Whenever I hear or read someone proclaim that “the market doesn’t work,” I try (if the situation permits) to ask him or her how is it that an ordinary pencil exists. Its production requires the cooperation of literally millions of people from around the world. Not one in one-thousand of these people know each other. Many of them, were they to meet, would positively hate each other. And yet, pencils exist in appropriate abundance, and can be acquired almost free of charge. (If you’re in the United States, go up to strangers on the street, in shopping malls, or at your school or workplace and ask for a pencil. You’ll not wait long before someone gives you one without expecting it to be returned. I do this experiment frequently; it works.)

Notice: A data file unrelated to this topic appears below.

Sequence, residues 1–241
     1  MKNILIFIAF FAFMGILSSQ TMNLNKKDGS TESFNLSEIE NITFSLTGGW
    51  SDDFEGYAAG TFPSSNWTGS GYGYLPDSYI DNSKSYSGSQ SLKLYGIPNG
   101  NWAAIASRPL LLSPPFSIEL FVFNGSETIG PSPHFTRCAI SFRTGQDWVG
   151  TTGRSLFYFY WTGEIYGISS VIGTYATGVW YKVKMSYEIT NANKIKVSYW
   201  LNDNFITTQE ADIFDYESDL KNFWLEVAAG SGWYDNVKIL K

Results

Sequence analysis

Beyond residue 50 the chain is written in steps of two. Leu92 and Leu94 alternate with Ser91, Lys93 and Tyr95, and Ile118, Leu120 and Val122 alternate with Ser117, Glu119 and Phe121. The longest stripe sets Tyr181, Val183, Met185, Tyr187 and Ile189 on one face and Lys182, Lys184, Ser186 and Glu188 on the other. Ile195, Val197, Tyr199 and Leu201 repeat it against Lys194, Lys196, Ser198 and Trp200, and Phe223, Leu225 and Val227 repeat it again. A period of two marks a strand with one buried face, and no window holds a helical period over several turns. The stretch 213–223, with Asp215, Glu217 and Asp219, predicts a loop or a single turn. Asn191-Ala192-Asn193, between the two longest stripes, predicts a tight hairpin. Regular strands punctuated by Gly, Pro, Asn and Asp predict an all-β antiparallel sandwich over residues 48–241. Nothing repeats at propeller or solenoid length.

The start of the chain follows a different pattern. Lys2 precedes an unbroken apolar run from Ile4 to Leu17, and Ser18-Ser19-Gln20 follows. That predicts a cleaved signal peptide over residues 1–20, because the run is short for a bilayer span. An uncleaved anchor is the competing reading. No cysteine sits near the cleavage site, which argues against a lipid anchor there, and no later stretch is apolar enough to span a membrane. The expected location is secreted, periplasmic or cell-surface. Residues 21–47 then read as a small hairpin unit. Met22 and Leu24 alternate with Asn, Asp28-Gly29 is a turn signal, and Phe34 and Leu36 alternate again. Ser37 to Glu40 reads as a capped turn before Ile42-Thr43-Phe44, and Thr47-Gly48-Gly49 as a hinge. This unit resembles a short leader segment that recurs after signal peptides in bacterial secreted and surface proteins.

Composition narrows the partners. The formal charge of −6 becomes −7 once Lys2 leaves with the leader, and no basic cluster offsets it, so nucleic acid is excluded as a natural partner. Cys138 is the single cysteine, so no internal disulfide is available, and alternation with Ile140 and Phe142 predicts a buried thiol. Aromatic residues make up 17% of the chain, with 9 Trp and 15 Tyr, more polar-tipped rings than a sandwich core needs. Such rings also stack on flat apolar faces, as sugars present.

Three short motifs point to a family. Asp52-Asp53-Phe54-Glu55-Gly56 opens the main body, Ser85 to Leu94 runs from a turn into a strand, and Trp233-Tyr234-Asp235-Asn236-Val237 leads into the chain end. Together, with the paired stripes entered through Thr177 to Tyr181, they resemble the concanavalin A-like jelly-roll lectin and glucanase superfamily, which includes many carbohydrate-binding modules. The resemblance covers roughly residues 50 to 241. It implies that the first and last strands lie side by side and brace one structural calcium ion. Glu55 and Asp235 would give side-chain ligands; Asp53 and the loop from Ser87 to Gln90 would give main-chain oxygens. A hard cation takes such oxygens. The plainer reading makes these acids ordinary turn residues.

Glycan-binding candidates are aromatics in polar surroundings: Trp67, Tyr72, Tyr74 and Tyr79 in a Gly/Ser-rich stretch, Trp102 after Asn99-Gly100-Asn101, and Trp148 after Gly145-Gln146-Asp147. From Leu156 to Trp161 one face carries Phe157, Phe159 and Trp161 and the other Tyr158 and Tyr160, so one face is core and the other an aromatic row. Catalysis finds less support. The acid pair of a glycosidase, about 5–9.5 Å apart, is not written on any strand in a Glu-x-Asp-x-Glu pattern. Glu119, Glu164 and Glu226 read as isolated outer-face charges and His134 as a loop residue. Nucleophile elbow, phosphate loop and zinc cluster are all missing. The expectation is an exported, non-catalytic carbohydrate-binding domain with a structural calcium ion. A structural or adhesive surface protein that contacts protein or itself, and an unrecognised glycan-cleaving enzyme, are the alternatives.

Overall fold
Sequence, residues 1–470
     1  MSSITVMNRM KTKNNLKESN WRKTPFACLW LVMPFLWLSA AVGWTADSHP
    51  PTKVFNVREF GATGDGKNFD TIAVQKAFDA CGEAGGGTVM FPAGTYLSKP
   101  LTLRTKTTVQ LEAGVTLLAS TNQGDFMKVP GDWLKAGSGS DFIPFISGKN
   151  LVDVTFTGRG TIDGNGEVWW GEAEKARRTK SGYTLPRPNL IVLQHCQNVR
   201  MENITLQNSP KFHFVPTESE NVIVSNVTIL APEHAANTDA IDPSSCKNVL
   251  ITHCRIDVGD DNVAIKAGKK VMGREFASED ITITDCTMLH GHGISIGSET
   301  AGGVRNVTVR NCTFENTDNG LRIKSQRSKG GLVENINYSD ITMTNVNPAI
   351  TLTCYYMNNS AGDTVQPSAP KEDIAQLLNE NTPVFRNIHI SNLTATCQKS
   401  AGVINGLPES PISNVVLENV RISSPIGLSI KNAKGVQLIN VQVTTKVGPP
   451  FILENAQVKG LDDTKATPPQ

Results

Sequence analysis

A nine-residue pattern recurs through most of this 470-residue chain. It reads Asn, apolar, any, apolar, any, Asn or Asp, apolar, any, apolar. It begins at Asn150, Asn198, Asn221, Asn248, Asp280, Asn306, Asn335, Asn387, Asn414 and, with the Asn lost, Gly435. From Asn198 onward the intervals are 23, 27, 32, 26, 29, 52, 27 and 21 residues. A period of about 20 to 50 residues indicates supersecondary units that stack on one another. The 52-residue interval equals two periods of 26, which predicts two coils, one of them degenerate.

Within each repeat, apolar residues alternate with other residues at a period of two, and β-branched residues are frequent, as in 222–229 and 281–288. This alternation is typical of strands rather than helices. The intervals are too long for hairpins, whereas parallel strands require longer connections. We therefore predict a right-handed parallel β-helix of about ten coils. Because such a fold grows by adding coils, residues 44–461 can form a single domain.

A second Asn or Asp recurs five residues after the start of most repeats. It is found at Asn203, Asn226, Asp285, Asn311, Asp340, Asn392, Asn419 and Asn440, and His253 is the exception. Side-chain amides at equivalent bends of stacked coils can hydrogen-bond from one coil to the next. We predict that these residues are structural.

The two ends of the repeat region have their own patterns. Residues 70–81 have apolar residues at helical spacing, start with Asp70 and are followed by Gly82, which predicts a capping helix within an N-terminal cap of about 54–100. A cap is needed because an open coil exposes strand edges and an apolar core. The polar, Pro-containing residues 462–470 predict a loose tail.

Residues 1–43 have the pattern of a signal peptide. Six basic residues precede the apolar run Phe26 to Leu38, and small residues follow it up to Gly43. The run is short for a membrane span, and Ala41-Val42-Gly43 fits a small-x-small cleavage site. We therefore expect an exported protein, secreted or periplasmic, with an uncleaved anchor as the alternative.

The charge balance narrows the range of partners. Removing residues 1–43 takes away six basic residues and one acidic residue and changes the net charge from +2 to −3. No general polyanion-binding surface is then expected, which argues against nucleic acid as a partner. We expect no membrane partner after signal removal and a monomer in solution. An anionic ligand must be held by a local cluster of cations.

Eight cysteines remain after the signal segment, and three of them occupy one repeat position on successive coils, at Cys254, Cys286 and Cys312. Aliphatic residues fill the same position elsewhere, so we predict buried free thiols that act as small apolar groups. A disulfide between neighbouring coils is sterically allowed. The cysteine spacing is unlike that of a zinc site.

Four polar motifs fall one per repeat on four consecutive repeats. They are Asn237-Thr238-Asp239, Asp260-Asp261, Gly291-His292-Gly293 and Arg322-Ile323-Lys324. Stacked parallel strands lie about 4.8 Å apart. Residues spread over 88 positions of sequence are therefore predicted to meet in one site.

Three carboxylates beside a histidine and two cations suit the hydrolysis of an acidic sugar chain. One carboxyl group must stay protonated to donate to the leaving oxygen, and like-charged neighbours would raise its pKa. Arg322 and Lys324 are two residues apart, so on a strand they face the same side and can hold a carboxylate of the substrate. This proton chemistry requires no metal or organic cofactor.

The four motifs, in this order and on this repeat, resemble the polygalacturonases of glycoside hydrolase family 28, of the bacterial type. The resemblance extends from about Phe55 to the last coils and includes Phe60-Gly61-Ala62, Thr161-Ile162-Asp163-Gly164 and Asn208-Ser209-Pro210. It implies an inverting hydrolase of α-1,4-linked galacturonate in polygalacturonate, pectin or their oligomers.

It’s an amazing fact. An impersonal process directed largely by prices, with each step along the way created and operated by entrepreneurs and producers seeking chiefly their own betterment, results in incredibly complex coordination that very well satisfies consumer demands — and at a cost to consumers astonishingly low, when you consider the complexity of the process and the millions of persons whose creativity and efforts are necessary to make it a reality.
This, of course, is Leonard Read’s account of “I, Pencil .”